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So the chernobyl ant doesn't really look like an ant. I guess its closer to maybe a hopper imitation? Even that is very suggestive. However this fly seems to produce very well, especially when trout are actively feeding on large terrestrials in the mid to late summer. Not only is this a good trout fly, but it is a great bluegill, panfish fly and bass fly as well. It floats amazingly, and is one of the best indicator type flies out there. By indicator fly, I mean a fly that is large, and able to be seen, that you can use to float a nymph, or see when a small dry fly is taken.

 

So they seem difficult to tie, and for the first dozen or so, you will think its tough. It will take a while to tie your first few, but once you get into a rhythm of tying these, you can crank them out quite quickly. And, the color combination is pretty much endless, with many different colors of foam and rubber legs. Also this fly does well tied in a wide range of sizes as well.

 

So as usual I am listing all the materials used on this fly.

 

 

Hook: Daiichi 1280 in size 14

Dubbing: Antron dubbing in orange gold

Foam: 2mm foam in gold, olive, and orange

Legs: grizzly barred rubber legs

Cement: Hard as Hull

 

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Cricket. (Chernobyl's cause it mutates easily.) Here's a great discussion from stevenojai, no need to guess...

"This fly was the winner of the 1995 Jackson Hole One Fly Contest. It was designed by Mark Forslund and Allan Woolley, guides on the Green River below Flaming Gorge, Utah. Originally designed as a Mormon Cricket imitation for cutthroats, it has been successful throughout the Sierras with many species of trout. The high density foam gives the fly excellent floatation and the rubber legs give it life-like action. Use a twitching action to help make the legs move around. Many variations are possible with this pattern using various colors of foam, thus it is referred to as a "Mutant" ant and thus it's name, Chernobyl Ant. Best time to use this fly is from Late Summer to Fall from August through November."

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Good story, I have not read that before, those crickets come in about six different colors naturally. i had considered the fly as a spider/beetle imitation.

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Nice video. I tie these in 3 sizes, 8, 10, and 12 using orange and white for the sight indicators.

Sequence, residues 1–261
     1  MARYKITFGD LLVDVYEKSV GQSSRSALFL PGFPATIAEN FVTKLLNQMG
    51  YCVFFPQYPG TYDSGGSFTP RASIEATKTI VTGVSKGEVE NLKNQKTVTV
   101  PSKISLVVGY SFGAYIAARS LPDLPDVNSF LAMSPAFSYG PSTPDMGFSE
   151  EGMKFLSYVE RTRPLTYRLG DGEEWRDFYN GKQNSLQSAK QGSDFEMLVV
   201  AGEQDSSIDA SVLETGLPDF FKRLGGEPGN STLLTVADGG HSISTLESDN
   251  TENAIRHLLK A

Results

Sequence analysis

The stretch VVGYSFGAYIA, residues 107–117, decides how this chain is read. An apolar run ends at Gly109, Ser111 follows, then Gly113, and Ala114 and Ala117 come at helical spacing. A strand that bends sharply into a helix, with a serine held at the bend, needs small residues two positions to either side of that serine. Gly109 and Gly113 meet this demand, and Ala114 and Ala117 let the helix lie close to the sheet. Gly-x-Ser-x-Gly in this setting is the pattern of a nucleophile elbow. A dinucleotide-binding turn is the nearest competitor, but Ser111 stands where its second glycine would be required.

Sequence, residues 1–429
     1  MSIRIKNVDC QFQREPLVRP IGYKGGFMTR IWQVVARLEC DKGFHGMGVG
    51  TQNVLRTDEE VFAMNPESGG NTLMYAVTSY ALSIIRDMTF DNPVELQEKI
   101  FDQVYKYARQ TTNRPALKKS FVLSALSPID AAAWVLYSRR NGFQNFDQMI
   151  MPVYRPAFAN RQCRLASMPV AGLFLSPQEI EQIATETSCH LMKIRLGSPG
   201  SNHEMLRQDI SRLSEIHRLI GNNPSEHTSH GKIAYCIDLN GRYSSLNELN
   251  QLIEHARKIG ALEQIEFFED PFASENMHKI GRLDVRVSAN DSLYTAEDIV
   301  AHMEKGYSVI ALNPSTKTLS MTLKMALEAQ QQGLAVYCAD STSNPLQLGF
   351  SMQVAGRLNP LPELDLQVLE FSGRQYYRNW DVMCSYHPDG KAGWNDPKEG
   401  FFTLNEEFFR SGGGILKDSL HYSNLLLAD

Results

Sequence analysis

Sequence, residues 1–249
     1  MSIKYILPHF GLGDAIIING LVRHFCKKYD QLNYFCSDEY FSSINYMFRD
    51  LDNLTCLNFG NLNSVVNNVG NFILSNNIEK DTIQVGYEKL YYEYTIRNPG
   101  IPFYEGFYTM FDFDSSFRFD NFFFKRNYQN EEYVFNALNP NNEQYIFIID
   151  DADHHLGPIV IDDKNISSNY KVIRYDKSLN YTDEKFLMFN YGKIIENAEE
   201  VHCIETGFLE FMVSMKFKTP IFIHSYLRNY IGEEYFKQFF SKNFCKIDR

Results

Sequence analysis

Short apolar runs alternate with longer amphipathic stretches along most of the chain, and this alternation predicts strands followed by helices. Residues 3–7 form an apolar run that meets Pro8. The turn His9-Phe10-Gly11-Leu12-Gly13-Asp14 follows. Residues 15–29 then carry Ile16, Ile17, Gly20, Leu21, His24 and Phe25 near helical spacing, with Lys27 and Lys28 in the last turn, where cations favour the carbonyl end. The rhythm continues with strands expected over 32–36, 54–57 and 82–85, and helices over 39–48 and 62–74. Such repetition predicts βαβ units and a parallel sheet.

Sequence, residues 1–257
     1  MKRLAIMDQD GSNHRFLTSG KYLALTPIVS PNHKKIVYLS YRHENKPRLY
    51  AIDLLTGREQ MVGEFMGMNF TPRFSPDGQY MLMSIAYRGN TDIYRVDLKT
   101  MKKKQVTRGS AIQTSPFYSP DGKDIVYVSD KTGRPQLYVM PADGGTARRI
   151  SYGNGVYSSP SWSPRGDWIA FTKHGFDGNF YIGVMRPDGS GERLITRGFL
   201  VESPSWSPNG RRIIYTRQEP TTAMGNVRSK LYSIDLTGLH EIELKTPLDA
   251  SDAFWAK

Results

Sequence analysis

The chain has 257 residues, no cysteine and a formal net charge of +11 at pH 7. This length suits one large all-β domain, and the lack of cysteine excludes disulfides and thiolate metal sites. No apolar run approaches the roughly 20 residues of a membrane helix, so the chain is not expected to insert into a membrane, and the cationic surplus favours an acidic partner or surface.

Orange on size 8, white on size 10, orange at the rear and white on the front of the size 12. That way it's a quick visual for which size in the box.

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Nice video. I tie these in 3 sizes, 8, 10, and 12 using orange and white for the sight indicators.

 

Orange on size 8, white on size 10, orange at the rear and white on the front of the size 12. That way it's a quick visual for which size in the box.

Thanks!

 

Good thinking with the visual. I personally tie these in 14, 10, and 6.. the skipping of sizes helps with visually seeing the size difference in the box quickly. But I like your idea too. Especially for sizes that are right near each other.

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Size 8 and 10 are easy to see regardless of light conditions. Size 12 starts to run into minor problems.

 

Orange and white can both be tough under certain light conditions. When you can't see one you can usually see the other.

 

I have often considered a fluorescent green or lime for a sight indicator. Haven't tried it but need to.

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Size 8 and 10 are easy to see regardless of light conditions. Size 12 starts to run into minor problems.

 

Orange and white can both be tough under certain light conditions. When you can't see one you can usually see the other.

 

I have often considered a fluorescent green or lime for a sight indicator. Haven't tried it but need to.

Sometimes when the glare on the water is bad (usually early morning or later afternoon, I find black or some really dark color shows up the most. At that time I switch to a Chernobyl (or indicator) with a black back.

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